All eyes are focused on the Senate Judiciary Committee, where President Donald Trump’s Supreme Court nominee, Brett Kavanaugh, is undergoing confirmation hearings. (They got off to a rocky start Tuesday.)

As important as the hearings are – and remember, it’s not too late to contact your senators and urge them to vote against Kavanaugh – there are other noteworthy things going on in the world of church-state separation.

Last week, for example, a federal court issued an important ruling in a case brought by Americans United challenging the invocation policies of the Pennsylvania House of Representatives.

The Pennsylvania House has a longstanding practice of opening its sessions with invocations, which are often delivered by guests from the community. In 2014, several nontheists in the state began making requests to take part in that practice. After they were turned down, they asked Americans United for help.

AU wrote to the House’s leadership and urged them to include the nontheists, but the lawmakers were recalcitrant. In fact, they established a new policy that was intended to support their exclusion of nontheists.

In a joint effort with American Atheists, Americans United went to court. We’re representing 11 plaintiffs: the Rev. Dr. Neal Jones (AU’s board chairman and a Unitarian Universalist minister near Philadelphia), Brian Fields, Richard Kiniry, Joshua Neiderhiser, Scott Rhoades, Paul Tucker and Deana Weaver, as well as the organizations Dillsburg Area Freethinkers, Lancaster Freethought Society, Pennsylvania Nonbelievers and Philadelphia Ethical Society.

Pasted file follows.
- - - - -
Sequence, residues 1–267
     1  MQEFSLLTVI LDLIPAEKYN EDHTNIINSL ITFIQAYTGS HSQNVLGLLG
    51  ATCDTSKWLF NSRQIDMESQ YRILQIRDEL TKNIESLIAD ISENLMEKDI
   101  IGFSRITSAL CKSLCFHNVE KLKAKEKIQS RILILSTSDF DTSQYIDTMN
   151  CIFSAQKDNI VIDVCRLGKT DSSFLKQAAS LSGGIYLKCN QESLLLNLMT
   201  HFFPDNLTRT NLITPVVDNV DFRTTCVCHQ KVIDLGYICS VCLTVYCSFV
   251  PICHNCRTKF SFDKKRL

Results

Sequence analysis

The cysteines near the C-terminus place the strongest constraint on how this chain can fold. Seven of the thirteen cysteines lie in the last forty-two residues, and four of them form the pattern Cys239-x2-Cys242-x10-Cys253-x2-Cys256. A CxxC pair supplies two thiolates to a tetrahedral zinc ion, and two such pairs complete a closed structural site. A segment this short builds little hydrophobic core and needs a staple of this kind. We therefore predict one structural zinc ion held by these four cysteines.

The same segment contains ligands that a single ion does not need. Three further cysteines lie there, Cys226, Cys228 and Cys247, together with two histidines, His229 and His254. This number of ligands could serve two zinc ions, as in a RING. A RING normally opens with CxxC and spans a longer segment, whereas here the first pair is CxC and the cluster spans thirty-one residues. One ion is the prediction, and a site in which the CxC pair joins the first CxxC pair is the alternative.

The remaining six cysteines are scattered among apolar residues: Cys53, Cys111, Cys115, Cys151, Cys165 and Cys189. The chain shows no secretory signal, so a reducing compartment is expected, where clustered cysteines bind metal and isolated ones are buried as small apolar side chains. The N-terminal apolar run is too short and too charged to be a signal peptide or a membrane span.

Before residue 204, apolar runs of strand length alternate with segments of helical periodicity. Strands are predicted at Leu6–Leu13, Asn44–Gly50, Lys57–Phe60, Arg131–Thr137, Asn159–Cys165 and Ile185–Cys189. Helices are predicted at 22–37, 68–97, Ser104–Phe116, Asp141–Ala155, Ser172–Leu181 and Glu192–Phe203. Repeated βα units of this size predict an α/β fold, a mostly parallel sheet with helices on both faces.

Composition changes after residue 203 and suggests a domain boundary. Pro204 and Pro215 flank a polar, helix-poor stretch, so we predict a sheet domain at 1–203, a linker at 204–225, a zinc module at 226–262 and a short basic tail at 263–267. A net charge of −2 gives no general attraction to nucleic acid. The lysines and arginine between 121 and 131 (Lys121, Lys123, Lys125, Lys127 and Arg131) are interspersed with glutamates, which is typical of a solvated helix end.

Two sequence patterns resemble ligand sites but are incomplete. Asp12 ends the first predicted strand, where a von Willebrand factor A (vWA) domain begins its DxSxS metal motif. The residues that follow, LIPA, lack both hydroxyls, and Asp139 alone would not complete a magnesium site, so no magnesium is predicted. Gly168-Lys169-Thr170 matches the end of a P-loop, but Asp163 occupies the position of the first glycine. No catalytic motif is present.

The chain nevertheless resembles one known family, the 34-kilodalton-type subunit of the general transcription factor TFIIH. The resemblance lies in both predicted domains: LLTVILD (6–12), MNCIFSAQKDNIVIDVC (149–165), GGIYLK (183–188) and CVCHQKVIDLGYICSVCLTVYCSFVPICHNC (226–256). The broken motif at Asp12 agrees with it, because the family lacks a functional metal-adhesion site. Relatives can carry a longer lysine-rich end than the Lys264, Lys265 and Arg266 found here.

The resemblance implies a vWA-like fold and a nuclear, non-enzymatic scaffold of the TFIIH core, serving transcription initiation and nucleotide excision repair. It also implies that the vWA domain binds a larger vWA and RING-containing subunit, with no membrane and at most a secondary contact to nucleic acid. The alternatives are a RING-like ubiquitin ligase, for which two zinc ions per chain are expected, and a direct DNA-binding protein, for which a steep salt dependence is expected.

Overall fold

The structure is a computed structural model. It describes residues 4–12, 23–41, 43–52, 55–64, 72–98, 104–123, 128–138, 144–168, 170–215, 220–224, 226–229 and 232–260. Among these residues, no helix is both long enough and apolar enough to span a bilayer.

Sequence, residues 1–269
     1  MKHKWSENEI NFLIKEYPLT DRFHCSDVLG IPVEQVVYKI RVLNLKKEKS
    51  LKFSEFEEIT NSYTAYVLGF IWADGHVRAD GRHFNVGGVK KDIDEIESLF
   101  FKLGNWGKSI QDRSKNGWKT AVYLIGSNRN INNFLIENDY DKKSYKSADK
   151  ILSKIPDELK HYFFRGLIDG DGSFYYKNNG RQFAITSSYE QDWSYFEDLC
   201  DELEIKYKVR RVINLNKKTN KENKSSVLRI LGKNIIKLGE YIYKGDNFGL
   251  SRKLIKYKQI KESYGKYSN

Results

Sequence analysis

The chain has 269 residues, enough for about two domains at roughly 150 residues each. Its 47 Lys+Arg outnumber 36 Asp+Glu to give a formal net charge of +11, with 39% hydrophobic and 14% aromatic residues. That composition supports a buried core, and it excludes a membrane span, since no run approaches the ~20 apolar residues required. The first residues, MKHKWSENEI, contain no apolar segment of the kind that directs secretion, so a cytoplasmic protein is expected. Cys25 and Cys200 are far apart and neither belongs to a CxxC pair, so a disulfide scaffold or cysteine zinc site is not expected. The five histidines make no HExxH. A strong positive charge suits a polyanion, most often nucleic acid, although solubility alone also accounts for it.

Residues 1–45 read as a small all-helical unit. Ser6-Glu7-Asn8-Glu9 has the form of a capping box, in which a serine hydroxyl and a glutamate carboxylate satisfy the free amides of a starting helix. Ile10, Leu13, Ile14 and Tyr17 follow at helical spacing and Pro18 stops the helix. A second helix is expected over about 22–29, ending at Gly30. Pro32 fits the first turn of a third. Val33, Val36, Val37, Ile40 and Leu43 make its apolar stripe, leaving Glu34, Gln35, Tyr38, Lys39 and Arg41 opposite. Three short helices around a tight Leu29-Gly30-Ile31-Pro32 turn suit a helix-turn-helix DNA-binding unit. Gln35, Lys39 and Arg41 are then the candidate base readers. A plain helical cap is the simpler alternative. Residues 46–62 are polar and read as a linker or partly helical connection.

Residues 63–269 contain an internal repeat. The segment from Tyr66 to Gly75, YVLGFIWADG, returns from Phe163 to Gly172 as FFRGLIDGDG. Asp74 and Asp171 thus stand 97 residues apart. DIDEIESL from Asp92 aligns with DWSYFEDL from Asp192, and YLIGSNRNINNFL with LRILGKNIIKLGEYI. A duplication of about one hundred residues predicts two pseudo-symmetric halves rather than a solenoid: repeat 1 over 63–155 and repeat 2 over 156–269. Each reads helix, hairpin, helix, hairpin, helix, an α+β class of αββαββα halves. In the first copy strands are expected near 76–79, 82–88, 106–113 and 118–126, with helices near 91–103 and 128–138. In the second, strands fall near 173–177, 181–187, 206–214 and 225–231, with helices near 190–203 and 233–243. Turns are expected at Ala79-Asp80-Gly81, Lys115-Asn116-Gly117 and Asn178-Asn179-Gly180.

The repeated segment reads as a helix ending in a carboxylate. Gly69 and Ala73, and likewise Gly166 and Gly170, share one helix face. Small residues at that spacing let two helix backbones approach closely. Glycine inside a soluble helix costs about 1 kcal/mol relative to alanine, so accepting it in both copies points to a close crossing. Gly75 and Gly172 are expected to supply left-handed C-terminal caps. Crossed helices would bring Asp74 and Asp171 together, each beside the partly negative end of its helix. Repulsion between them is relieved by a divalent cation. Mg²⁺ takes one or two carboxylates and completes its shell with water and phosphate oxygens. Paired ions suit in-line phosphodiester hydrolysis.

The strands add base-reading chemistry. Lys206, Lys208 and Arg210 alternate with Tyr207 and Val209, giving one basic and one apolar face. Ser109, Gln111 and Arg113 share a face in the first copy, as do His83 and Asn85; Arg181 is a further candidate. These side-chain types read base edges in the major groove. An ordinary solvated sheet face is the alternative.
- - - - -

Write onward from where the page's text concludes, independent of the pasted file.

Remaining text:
Just to be clear: We’re not trying to stop the Pennsylvania House from having invocations. The Supreme Court in 2014 upheld the concept of legislative prayer in Greece v. Galloway, a case brought by Americans United. But while the high court said such prayers are permissible, it also called for inclusion. That’s what we’re trying to do in Pennsylvania: expand the circle of invocation givers.

Ruling in our favor Aug. 29, U.S. District Judge Christopher C. Conner held that the House’s invocation policy “purposefully discriminates among invocation presenters on the basis of religion and thus exceeds the constitutional boundaries of legislative prayer.”

Supporters of legislative invocations often argue that they perform the secular function of solemnizing a meeting. Nontheistic invocations can do the same thing. In his ruling, Conner pointed this out, writing, “[M]any legislative bodies across this nation have opened with nontheistic invocations, and there is no evidence that such prayers fared worse than their theistic counterparts at fulfilling the foregoing purposes.”

In fact, members of the Pennsylvania House don’t have to look far for proof of this: The Pennsylvania Senate has allowed a nontheist, Deana Weaver, one of the plaintiffs in Americans United’s case against the House, to deliver opening invocation with no ill results.

In many states and communities, legislative invocations all too often default to the majority view – Christianity. As AU Associate Legal Director Alex Luchenitser, who serves as lead counsel in the case, noted, “The Pennsylvania House of Representatives should fully welcome all Pennsylvanians, including nontheists, as legislators conduct business on behalf of the people.”

AU is pleased to have won this case – but yesterday House officials filed an appeal. That’s unfortunate. Rather than continue fighting in court (and spend more taxpayer money), the Pennsylvania House should embrace an invocation policy that includes everyone.